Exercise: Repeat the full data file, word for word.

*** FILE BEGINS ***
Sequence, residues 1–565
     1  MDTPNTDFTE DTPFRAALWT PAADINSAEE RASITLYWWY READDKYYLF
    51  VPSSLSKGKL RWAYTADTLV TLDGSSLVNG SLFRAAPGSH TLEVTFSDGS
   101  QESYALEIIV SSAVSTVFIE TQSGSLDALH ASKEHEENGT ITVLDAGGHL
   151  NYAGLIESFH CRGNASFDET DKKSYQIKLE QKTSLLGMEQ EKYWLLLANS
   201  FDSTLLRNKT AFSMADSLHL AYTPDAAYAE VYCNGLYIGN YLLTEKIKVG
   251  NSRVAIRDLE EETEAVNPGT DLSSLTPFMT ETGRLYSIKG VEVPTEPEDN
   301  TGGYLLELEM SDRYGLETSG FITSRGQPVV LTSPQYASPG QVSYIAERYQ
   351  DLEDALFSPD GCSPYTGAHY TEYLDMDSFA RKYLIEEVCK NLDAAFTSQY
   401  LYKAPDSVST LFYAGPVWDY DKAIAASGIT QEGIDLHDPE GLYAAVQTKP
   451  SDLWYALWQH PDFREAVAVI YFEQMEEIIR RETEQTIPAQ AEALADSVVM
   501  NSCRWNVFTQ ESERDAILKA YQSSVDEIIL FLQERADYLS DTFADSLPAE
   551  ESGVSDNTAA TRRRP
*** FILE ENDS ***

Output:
Sequence, residues 1–565
     1  MDTPNTDFTE DTPFRAALWT PAADINSAEE RASITLYWWY READDKYYLF
    51  VPSSLSKGKL RWAYTADTLV TLDGSSLVNG SLFRAAPGSH TLEVTFSDGS
   101  QESYALEIIV SSAVSTVFIE TQSGSLDALH ASKEHEENGT ITVLDAGGHL
   151  NYAGLIESFH CRGNASFDET DKKSYQIKLE QKTSLLGMEQ EKYWLLLANS
   201  FDSTLLRNKT AFSMADSLHL AYTPDAAYAE VYCNGLYIGN YLLTEKIKVG
   251  NSRVAIRDLE EETEAVNPGT DLSSLTPFMT ETGRLYSIKG VEVPTEPEDN
   301  TGGYLLELEM SDRYGLETSG FITSRGQPVV LTSPQYASPG QVSYIAERYQ
   351  DLEDALFSPD GCSPYTGAHY TEYLDMDSFA RKYLIEEVCK NLDAAFTSQY
   401  LYKAPDSVST LFYAGPVWDY DKAIAASGIT QEGIDLHDPE GLYAAVQTKP
   451  SDLWYALWQH PDFREAVAVI YFEQMEEIIR RETEQTIPAQ AEALADSVVM
   501  NSCRWNVFTQ ESERDAILKA YQSSVDEIIL FLQERADYLS DTFADSLPAE
   551  ESGVSDNTAA TRRRP